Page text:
saying things like ‘Imperial Airways’ and ‘Orient Express
(Constantinople)’. I could have sworn I saw ‘SS. Titanic (New
York)’. Obviously waiting for the Antibes connection and a
dead ringer for Somerset Maugham.
As usual the place was undulating with travellers. Luckily I
could fly over their heads. And I watched them come in off the
trains, dump their luggage on a banquette and move to the
zinc-lined bar for ‘un demi’ of beer to wash the dust away
before they began any serious eating and drinking. Then my
mind’s eye in the back of my head observed a couple of
students who weren’t at all interested in the food and spent
half an hour more or less eating each other. After a bit they got
up and left, no doubt to continue with the main course
somewhere more comfortable. Well, that was pure conjecture:
and I didn’t follow them, although I could have.
I chose the ‘Menu Gourmet’: and first off was a whole chunk
of foie gras in a crisp curl of pale green lettuce, with a small
glass of chilled Monbazillac. Then a fabulous soup: on the menu
it just said fish soup, but it was lobster bisque and so delicious,
with cheese flakes, croutons and a tiny bowl with a rich little
sauce to add to it, if I liked (I did).
And then – I could hardly believe it, but when the Barcelona
train rattled in from the south with a little swish of its tail, some
guitar music and a jingle of bells, out came a friend of mine –
yes, well it was just like him and I almost floated over the other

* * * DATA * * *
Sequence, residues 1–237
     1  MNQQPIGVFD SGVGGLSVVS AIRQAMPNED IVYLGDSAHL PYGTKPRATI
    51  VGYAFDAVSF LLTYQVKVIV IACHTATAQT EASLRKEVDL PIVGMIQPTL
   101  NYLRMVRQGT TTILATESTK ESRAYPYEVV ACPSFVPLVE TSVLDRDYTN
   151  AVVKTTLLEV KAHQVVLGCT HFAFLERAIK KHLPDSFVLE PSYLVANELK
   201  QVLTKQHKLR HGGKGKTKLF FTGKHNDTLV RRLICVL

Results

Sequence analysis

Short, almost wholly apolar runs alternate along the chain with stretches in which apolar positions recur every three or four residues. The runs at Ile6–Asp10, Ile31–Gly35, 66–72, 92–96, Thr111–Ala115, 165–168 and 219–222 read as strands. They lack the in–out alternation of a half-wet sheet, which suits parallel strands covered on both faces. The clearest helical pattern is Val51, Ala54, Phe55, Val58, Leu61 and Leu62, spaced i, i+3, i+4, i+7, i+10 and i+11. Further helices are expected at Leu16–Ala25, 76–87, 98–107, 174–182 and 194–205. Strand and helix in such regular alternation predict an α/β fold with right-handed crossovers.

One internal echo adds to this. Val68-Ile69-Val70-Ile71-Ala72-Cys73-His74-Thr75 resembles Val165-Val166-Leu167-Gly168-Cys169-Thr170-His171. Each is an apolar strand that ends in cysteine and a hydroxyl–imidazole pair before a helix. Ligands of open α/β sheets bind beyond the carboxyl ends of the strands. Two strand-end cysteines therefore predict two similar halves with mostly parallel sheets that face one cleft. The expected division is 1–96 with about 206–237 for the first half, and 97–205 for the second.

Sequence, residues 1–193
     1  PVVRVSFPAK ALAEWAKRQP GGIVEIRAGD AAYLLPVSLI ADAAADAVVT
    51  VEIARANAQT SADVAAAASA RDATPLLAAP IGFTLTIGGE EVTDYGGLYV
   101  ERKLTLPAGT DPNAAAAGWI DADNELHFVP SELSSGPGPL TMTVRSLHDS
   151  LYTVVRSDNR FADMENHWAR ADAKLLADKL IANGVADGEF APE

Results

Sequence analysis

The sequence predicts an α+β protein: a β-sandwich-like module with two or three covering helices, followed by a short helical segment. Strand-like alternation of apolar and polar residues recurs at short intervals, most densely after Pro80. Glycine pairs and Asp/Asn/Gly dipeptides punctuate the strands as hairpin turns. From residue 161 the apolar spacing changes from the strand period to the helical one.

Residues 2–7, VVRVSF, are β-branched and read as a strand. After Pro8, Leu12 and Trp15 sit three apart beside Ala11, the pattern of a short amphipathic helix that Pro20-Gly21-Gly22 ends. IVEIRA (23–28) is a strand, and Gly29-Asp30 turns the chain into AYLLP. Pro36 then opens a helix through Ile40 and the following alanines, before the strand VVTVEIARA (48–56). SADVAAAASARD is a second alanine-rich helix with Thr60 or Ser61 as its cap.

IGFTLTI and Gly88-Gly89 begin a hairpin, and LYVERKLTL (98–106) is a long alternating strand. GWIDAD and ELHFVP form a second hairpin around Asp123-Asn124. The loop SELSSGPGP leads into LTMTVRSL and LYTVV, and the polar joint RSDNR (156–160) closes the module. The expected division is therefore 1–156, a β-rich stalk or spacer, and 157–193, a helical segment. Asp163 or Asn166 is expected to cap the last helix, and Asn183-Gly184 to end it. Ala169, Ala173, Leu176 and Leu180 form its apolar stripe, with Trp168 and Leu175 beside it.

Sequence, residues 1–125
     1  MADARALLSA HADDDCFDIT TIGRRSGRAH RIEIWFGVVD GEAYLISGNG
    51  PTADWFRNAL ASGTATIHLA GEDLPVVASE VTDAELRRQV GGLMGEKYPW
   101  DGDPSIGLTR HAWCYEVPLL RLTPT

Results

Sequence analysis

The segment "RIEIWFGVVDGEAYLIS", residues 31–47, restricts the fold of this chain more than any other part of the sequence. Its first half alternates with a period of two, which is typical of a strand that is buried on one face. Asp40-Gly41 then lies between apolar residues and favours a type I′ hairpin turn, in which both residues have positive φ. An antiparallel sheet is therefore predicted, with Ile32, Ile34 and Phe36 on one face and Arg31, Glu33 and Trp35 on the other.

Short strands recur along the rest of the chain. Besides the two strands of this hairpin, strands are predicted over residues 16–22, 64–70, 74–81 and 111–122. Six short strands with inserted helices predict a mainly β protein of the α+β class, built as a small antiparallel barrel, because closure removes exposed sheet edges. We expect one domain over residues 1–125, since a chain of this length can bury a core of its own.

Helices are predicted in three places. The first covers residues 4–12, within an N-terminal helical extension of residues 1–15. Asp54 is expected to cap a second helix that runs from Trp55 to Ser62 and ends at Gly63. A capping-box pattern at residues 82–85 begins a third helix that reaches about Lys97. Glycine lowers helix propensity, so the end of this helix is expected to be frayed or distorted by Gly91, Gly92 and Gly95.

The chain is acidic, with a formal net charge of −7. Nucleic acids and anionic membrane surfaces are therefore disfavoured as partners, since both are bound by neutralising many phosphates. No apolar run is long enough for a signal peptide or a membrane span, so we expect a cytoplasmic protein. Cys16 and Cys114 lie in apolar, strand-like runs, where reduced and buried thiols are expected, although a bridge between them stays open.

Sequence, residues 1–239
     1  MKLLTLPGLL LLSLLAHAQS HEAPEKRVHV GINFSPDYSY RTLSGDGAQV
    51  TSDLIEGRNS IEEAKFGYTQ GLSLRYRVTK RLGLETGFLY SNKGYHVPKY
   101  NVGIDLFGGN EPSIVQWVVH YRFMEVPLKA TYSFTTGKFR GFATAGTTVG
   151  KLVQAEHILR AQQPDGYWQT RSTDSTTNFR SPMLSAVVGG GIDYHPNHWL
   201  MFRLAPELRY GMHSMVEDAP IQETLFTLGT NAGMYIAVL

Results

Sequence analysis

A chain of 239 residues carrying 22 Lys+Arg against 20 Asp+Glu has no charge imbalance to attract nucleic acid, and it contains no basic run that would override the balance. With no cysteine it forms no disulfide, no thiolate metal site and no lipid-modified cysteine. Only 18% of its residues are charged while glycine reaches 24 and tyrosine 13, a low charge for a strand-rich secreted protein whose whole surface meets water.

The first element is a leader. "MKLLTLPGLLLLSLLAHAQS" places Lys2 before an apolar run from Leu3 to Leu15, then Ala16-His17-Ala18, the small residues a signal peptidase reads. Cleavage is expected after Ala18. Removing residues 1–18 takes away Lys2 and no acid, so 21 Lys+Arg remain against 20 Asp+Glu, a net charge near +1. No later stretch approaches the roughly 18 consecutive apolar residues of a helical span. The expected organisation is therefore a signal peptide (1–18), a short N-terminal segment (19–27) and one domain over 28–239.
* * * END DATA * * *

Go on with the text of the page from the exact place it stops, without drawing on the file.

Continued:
diners to say to him: “why didn’t you tell me you were
coming?” He had a wide-brimmed black Spanish hat and was
smoking a cheroot and he swung his bag over his shoulder and
went and sat with four beautiful girls and vanished a few
And then the next course was a little perfumed rice with
scallops, the most delicious and expensive sea food! So light, so
delicate (and so many of them – ha!).
Well, by then I’d finished my carafe of Bordeaux. So I had
another. Then I chose a lemon sorbet and then just a touch of
St Agur to make a statement to match the Bordeaux. And
then I had an armagnac.
And then the Paris train arrived - a huge sleek and silver
undulating monster half a mile long with a black head shaped
like a cobra and it glided in with a menacing hiss of power just
like a cobra and gently slowed to a halt and pulsated quietly
while it disgorged its passengers. And a man came in off the
train and he looked just like me, sort of tall, dark and
handsome, and he had with him an elegant woman with an
expensive handbag (I could have sworn it said ‘Hermes’ or
something) and she looked rather like the wife of my friend,
the fellow who’d just arrived half an hour before, when I was on
my first carafe of red.
Then suddenly there was a lurch: and I woke up. And it was
all there – the buffet, the station and the trains. My dog had
dragged my table sideways (I’d tied him to one of its legs)
because he’d just seen the pipe-cleaner dog and wanted to
take a sniff. And there were two empty armagnac glasses on
the table, not one. And a short-skirted waitress was patting my
shoulder and asking: “would I like a coffee before I went